CSHL molecular biologist honored by National Academy of Sciences
Cold Spring Harbor, New York -- Cold Spring Harbor Laboratory (CSHL) congratulates faculty member Gregory J. Hannon who was honored today by the National Academy of Sciences (NAS) for his extraordinary scientific achievement in molecular biology.
CSHL Professor and Howard Hughes Medical Institute Investigator, Hannon received the NAS 2007 Award in Molecular Biology for elucidation of the enzymatic engine for RNA interference. “Hannon’s RNA interference research at CSHL is an example of the groundwork done at CSHL which paves the way for new approaches to understanding and treating diseases such as cancer,” said CSHL President Bruce Stillman, Ph.D. This award is supported by Pfizer Inc. and has been presented since 1962.
Hannon’s work is focused on double-stranded RNA (dsRNA) that triggers a sequence specific gene silencing response known as RNA interference or RNAi. RNAi is a conserved biological pathway that can be found in plants, animals and fungi. “As our understanding of the biology and biochemistry of RNAi deepens, we have worked to harness this pathway as a tool for probing gene function in mammals. We are working to apply the RNAi pathway as a tool to unravel oncogene and tumor suppressor pathways and to identify new anticancer targets,” said Hannon.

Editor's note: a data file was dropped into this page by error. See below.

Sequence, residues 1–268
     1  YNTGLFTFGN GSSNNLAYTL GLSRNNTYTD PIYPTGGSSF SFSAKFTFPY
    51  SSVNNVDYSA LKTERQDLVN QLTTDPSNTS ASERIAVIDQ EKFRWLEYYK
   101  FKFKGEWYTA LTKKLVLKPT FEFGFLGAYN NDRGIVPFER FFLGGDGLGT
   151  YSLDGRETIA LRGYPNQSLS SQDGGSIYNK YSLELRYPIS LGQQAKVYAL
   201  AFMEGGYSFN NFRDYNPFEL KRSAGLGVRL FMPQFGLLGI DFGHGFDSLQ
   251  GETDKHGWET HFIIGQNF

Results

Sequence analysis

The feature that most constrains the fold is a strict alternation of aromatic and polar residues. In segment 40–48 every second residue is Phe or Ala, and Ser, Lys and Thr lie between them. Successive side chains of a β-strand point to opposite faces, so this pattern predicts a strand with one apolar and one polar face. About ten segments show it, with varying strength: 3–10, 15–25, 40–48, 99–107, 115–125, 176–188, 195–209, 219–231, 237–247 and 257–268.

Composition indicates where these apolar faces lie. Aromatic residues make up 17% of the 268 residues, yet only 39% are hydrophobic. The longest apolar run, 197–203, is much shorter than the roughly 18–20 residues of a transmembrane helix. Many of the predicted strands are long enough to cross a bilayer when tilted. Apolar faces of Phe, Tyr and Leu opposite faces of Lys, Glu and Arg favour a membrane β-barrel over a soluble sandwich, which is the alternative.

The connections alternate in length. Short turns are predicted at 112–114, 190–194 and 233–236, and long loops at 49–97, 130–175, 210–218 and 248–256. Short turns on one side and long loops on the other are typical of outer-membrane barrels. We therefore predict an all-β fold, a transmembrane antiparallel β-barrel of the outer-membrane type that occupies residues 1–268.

The National Academy of Sciences is a private, nonprofit honorific society of distinguished scholars engaged in scientific and engineering research, dedicated to the furtherance of science and technology and to their use for the general welfare. Since 1863, the National Academy of Sciences has served to "investigate, examine, experiment, and report upon any subject of science or art" whenever called upon to do so by any department of the government. For more information about the NAS and its 2007 awards, please visit http://national-academies.org.